Saturday morning’s service was a bit better constructed, although time constraints but a limit on how much we could do, I’m sure. Some songs that we sung I felt were cut short…and Jikelele (an African song that’s really laid-back and swingerish) together in a service with Montana (lyrics here, it’s an up-beat, dance-like song) didn’t fit for me.

I really feel like worship leaders in our conferences need some training when it comes to the overall energy of a worship service and how to manipulate that energy. They tend to be good when carrying an image through the entire service, but not so good about making the worship tie in together. For me, it’s far more satisfying to have a worship service that is consistent in its energy movement than one that is thematic but jumps from high to low. I don’t presume to be an expert in worship leadership by any means, but I’m speaking as one who enjoys a well put-together worship service.

Tuesday, October 17, 2006

Conversation had at community lunch by the cookies:

Me: Mmm...cookies...
Chapel Director to Me: If you eat the ones with the cranberries in them, they're zero calories because it's fruit.
Me to Chapel Director: And because they're broken, and all the calories have fallen out.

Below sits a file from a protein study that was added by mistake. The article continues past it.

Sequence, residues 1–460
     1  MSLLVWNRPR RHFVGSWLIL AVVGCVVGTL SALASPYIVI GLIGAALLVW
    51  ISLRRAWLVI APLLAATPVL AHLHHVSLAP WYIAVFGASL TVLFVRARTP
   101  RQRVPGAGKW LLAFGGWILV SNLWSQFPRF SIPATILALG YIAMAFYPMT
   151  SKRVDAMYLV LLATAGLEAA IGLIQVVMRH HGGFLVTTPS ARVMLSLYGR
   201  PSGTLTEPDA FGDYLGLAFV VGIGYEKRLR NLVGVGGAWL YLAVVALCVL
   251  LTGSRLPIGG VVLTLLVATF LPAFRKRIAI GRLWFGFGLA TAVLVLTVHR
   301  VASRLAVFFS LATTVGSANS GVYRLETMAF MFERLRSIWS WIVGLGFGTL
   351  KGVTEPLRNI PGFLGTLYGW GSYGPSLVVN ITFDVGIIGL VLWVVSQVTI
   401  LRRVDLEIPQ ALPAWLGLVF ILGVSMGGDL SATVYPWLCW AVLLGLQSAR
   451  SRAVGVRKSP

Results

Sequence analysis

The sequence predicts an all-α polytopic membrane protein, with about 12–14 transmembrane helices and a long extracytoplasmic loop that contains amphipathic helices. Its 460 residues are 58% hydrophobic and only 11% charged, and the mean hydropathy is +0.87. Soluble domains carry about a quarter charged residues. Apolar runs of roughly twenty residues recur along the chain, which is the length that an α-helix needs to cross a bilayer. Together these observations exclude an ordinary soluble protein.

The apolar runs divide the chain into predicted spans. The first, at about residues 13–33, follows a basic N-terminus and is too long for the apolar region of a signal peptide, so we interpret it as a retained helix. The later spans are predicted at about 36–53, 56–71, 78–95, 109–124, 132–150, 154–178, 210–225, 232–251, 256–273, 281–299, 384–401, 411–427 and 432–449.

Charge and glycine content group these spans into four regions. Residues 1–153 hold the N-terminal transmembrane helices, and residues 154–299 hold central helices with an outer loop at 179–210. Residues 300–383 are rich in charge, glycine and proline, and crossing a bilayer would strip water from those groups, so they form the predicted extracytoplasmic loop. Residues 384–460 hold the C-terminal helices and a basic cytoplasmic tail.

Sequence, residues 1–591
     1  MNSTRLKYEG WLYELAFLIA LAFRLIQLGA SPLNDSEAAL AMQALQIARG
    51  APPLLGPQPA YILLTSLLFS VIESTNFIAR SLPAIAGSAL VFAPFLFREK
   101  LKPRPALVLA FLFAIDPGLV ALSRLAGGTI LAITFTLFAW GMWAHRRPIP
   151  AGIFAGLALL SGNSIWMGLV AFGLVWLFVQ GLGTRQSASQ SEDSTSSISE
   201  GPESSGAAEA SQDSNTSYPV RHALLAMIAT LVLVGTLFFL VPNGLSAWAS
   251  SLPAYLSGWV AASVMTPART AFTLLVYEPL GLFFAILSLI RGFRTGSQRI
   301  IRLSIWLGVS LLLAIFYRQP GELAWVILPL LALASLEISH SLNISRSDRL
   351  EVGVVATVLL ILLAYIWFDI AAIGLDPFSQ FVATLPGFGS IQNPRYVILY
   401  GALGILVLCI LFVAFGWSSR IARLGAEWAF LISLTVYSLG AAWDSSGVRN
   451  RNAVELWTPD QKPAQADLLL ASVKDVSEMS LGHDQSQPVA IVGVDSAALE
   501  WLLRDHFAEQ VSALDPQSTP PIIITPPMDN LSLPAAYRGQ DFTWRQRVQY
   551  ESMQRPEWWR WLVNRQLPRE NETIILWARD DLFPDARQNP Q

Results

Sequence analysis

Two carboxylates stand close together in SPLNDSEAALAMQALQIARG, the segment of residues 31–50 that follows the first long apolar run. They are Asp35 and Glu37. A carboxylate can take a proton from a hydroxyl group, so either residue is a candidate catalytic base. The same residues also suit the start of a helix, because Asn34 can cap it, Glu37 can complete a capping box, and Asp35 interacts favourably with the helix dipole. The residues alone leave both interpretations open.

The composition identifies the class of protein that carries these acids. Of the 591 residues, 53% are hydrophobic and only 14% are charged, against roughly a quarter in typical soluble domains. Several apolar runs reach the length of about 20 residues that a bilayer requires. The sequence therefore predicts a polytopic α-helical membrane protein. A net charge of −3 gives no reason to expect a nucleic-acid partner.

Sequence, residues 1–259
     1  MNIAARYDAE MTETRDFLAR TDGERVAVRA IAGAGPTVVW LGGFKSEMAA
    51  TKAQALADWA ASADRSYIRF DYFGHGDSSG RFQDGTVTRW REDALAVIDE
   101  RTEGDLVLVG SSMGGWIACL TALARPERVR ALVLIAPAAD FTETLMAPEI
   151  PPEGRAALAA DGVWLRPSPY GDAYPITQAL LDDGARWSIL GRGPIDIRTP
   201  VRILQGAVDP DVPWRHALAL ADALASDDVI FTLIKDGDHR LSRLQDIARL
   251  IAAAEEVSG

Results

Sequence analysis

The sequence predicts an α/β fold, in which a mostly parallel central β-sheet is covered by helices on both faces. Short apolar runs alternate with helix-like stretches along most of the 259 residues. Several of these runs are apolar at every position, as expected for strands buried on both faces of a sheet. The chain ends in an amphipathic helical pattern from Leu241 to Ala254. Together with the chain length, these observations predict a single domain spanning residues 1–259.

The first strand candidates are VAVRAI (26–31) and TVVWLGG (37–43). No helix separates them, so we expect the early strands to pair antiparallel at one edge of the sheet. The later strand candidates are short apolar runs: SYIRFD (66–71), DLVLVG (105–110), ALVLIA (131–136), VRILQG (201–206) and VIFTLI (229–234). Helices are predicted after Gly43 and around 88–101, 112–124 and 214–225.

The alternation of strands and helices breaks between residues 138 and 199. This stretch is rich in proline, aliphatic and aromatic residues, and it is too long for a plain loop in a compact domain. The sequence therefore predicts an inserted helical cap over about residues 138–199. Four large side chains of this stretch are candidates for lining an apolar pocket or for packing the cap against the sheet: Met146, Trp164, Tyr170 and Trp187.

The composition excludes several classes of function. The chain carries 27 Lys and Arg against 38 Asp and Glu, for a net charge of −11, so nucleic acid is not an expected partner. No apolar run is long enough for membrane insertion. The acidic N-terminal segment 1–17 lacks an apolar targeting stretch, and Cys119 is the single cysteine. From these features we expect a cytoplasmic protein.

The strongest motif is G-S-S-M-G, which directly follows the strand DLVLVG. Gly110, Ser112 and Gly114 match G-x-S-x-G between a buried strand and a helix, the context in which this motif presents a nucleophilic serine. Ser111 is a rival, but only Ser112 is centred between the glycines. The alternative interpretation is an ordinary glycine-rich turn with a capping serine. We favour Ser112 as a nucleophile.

Professor with a grin on her face: If you tell a lie, and then succeed to get someone else to participate in the lie, then...it ceases to become a lie.
Chapel Director: Yeah, then it becomes tradition!

Monday, October 16, 2006

I'm here!

I've had a lot of thoughts lately that merit blogging about (for both here and the livejournal), but I haven't had sufficient space (time and otherwise) to actually spill out anything from my brain, through my fingers, and onto the computer screen. Therefore, I'll just give the highlights (and perhaps some previous for upcoming posts):

  • Being home for part of fall break and Why I Love New England
  • Northeast Jurisdiction's Great Leadership Event Conference in Valley Forge, PA on Friday and Saturday (and why conference worship in the UMC is generally sub-par, and why the church still doesn't quite get it when it comes to young adults)
  • Musing about altar flowers
  • ...and other things that I am thinking about but don't quite know how to articulate.
So: suffice it to say that I am alive and well, though oh-so busy, and I will hopefully have a post or two by the end of the week.

Wednesday, October 04, 2006

Processed God

In class conversation (over AIM, and we're both invisible and so not talking to anyone else): We're talking a bit about Process Theology...and this is my understanding of the God that Process Theology creates.